A. Texas actually updated their car seat laws in 2009 to make it mandatory for all children who have outgrown their forward-facing car seats to use a booster seat until they are at least 8 years old, unless they are already taller than 4'9".
Still, many state car seat laws are way behind the times in terms of safety. Florida, for example, doesn't require car seats for preschool age children. Simply following your state's car seat laws might not get you a ticket, but it won't be the best protection for your child if you are in a car accident.
Car Seat LawsSince car seat laws and booster seat laws vary from state to state and most are still inadequate, you are much better off simply following the car seat guidelines of the American Academy of Pediatrics and the National Highway Traffic Safety Administration and keeping your child who has outgrown his forward-facing car seat in a belt positioning booster seat until they are big enough to fit in regular seat belts. Keep in mind that, according to the AAP, this is usually not until a child has 'reached 4 feet 9 inches in height and are between 8 and 12 years of age.'
This is because younger children are 'generally too small for an adult seat belt. The lap belt rides up over the stomach and the shoulder belt cuts across the neck. In a crash, this can cause critical or even fatal injuries.'
To make it even easier, remember that seat belts don't fit properly until the lap belt lays across your child's upper thighs (not his stomach) and the shoulder belt fits across his chest (not his neck).
If you need some convincing about how important this is, consider that in 2001, there were 44,642 injuries from motor vehicle accidents for children three years old and younger, and that grows to 76,248 injuries for children four to eight years of age. Although injuries from motor vehicle accidents aren't tracked as to whether or not a child was wearing a car seat, it is likely that this increase in injuries for older children was because they are less likely to be in a proper child safety seat than a younger child.
Booster Seat LawsAlthough state car seat laws have been getting better recently at keeping up with expert safety recommendations, three states, Arizona, Florida, and South Dakota, still don't have booster seat laws for kids who have outgrown car seats. And many of the states that do, have ages set well below what experts think is safe.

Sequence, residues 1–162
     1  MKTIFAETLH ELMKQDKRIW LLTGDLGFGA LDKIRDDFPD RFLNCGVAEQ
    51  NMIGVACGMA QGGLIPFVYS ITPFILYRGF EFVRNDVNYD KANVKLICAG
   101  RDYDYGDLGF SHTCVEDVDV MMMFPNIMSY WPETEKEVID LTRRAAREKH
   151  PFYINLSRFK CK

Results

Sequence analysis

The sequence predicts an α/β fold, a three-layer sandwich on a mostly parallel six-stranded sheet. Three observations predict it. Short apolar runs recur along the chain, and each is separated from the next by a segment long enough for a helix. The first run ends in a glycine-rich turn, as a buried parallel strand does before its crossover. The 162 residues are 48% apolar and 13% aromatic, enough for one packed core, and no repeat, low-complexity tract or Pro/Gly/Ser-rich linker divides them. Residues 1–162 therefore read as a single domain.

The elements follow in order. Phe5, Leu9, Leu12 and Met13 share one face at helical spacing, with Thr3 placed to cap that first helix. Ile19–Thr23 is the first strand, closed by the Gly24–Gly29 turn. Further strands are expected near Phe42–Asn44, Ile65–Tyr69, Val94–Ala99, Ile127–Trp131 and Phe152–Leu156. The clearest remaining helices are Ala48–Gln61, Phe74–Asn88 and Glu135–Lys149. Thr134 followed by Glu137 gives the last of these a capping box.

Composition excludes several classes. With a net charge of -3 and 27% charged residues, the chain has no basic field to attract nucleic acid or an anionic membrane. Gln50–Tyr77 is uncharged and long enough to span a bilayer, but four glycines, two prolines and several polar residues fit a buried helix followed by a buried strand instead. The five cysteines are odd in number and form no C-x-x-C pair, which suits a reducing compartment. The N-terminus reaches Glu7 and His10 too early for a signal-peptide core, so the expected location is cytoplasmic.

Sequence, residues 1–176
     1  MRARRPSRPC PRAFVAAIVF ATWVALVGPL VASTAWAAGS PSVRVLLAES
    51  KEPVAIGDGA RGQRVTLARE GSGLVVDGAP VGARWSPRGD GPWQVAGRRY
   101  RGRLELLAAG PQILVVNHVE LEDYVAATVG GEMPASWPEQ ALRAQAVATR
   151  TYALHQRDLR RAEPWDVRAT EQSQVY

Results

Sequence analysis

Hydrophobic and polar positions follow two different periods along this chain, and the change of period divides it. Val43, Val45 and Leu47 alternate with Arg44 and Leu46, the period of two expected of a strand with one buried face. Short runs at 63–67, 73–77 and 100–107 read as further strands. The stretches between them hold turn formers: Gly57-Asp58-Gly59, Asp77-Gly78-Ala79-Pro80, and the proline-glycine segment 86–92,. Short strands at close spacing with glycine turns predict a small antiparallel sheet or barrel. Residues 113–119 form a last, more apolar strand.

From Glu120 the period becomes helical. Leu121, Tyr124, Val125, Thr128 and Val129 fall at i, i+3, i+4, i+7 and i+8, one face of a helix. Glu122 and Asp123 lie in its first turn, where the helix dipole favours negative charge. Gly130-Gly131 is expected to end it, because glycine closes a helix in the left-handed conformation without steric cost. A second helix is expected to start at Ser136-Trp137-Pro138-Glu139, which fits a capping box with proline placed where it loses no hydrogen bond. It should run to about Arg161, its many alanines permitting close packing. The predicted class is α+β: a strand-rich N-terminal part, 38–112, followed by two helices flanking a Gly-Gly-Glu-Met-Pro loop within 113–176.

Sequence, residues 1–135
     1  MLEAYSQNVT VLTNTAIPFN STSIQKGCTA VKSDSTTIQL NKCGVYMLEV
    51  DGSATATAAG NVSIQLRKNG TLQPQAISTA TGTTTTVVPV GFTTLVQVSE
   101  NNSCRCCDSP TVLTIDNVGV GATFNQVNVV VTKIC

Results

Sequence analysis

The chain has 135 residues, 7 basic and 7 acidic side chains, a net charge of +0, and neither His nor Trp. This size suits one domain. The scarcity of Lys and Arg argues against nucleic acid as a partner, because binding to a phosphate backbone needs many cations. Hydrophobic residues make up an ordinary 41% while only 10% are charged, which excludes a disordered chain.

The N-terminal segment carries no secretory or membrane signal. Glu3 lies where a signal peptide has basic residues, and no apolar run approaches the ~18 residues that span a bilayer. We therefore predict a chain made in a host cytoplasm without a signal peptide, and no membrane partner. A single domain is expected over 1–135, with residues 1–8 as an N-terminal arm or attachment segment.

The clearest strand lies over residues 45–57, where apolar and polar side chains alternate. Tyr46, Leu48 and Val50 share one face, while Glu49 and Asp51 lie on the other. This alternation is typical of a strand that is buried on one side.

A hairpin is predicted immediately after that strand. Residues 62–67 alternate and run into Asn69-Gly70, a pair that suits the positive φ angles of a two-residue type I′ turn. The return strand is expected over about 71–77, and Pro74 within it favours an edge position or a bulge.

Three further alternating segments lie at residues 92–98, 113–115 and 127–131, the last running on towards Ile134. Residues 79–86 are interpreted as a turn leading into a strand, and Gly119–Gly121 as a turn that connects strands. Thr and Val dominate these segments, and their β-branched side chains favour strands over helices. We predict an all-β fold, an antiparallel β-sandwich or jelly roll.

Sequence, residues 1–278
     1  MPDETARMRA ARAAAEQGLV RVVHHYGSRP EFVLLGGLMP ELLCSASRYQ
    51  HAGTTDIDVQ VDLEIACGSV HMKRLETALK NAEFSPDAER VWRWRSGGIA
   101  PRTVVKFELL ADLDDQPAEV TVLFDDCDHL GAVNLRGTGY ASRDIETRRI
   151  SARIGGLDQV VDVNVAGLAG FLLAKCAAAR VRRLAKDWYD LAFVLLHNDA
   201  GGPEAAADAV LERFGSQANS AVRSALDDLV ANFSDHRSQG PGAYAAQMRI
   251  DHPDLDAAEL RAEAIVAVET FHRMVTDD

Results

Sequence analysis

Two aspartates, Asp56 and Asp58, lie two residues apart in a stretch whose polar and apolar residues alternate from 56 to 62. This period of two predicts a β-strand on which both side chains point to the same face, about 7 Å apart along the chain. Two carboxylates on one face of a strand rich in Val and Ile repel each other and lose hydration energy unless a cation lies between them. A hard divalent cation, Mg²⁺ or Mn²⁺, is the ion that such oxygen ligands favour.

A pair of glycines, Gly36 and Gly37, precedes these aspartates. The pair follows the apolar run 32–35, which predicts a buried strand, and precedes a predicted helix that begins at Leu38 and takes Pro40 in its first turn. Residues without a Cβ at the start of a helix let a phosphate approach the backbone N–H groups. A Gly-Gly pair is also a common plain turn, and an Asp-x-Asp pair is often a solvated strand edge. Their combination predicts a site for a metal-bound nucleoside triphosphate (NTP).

So whether you live in Florida, which only requires children up to age three to be in a car seat, or in Wyoming, where the limit is age eight, after your child outgrows his forward-facing car seat with harness straps, be sure to graduate to a belt positioning booster seat, instead of simply going to seat belts.
It can sometimes be hard to convince school age children about the importance of using a booster seat, especially if many of their friends are already just in seat belts. To help him get on board with using a booster it can help to be firm about his sitting in a booster seat and use it all of the time. Make using a booster seat one of the non-negotiable rules of your household and don't give it on the issue.
Other booster seat safety tips include:
- don't refer to it as a car seat or baby seat and instead use the terms booster seat, big boy|girl seat, or just safety seat.
- if your car's back seat has headrests, consider using a backless booster, which to many kids doesn't look like a 'real' car seat.
- talk about the benefits of sitting in a booster, which besides safety include being able to look out the window, having cup holders, and being more comfortable with the arm rests, etc.
American Academy of Pediatrics Policy Statement. Child Passenger Safety. Pediatrics 2011;127:788-793.
NHTSA. Car Seat Recommendations for Children. Accessed March 2011.
Governors Highway Safety Association. Child Passenger Safety Laws. Accessed March 2011.